There is no argument that Sally is a helluva character! No spoilers, but the grand finale of the film is one of the most terrifyingly hell-raising OMFG is-this-really-happening-moments to watch, especially as a female viewer. And this is where some of the Final Girl theories fall apart in the modern age. Clover endows the Final Girl in most slasher films with what she calls “boyish qualities” and (smartly) analogizes her with the killer and brings up the “male-dominated audience.” Now, when the book was published the horror audience might have populated as such, but that is no longer the case. So how do we reassess The Texas Chain Saw Massacre? Clover does ask, “Does the Final Girl mean ‘girl’ to her female viewers and ‘boy’ to her male viewers?”
Marilyn Burns, star of The Texas Chain Saw Massacre, passed away in 2014 at the unfortunately early age of 65. Burns’ performance in the film was about as real as it gets based on the low-budget nature of the production and how independent film was made back then. When the 4K film restoration was done, the 16mm Ektachrome Commercial (ECO) camera original was scanned. ECO was commonly used for low-budget films intended for 35mm film blowups in that era. Years later, when Burns talked about her performance and experience on set, it sounds about as gruesome and graphic as the film itself.
In the film, Sally (Marilyn) goes through hell. Without ruining actual events or plot points, it is safe to say that Sally gets the crap beaten and ripped out of her trying to get to safety. Marilyn Burns’ recollection of the Texas Chain Saw Massacre shoot was that most of the “acting” during those scenes led to injuries galore. In an interview, Burns stated, “yes…that was ME jumping from a scaffolding. The scene where I look like I’m in pain? That was me with my ankle and also that darn sugar glass hit me in the head… it hurt. Especially after the dinner sequence – when my head had been hit so many times. They used that big sledgehammer. You know…a sledgehammer is just a piece of steel and then you have a hammer on it. They did a fake hammer with foam rubber… foam rubber is no protection from the arm of the real sledgehammer that’s made of steel. Foam just doesn’t cut it when they’re banging you.”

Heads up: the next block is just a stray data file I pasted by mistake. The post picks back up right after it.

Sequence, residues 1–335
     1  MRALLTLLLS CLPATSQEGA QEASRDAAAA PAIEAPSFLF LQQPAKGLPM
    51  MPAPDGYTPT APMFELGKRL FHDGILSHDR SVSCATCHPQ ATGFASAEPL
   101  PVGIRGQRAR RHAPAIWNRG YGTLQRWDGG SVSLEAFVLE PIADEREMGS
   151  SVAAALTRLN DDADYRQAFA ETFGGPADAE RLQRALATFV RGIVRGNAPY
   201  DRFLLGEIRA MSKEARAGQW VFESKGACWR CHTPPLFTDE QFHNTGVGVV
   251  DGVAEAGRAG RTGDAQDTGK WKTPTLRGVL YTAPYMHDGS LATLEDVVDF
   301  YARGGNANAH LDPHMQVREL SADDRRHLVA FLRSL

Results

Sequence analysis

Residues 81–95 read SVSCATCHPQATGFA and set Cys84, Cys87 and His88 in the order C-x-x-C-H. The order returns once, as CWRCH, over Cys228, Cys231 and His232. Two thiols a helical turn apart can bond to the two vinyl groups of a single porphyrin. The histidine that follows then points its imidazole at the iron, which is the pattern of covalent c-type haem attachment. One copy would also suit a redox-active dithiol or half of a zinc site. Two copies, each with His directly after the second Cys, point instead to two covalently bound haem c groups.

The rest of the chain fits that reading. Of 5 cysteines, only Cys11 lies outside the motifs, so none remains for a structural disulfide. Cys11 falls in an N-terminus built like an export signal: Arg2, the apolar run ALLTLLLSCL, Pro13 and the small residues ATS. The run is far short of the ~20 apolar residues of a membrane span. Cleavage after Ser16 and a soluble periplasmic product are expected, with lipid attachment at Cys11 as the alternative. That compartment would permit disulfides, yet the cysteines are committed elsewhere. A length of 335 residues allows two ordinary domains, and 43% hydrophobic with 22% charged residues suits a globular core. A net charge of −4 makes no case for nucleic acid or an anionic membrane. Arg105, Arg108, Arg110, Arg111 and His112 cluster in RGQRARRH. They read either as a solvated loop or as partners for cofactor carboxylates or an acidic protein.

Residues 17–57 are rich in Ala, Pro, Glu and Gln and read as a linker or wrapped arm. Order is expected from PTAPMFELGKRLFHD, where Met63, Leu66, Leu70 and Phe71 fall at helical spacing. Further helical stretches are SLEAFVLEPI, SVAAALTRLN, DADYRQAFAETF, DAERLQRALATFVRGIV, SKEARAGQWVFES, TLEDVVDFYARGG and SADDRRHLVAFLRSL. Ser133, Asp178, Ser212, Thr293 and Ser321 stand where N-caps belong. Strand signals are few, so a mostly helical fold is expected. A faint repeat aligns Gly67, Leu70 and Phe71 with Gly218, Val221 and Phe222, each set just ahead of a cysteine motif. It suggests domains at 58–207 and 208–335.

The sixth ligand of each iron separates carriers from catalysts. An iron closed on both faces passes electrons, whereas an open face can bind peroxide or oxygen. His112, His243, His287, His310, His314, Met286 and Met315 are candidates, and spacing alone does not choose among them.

Yet Burns had nothing to say but good things about the experience and her iconic role as Sally Hardesty. While many of us recall other women in horror as Final Girls, perhaps we can reclaim Sally as the first since she truly worked to create that role. As we watch horror films this Halloween season and consider women’s roles as survivors, heroines and active fighters, let’s also celebrate the fact that films like Tobe Hooper’s The Texas Chain Saw Massacre and characters like Sally Hardesty welcomed women to the theaters more often by saying: you kick ass. No matter what you’re up against, you’re going to triumph. Horror is a very complex genre for women but the creation of Sally Hardesty opened many doors for women as horror fans and that cannot be denied.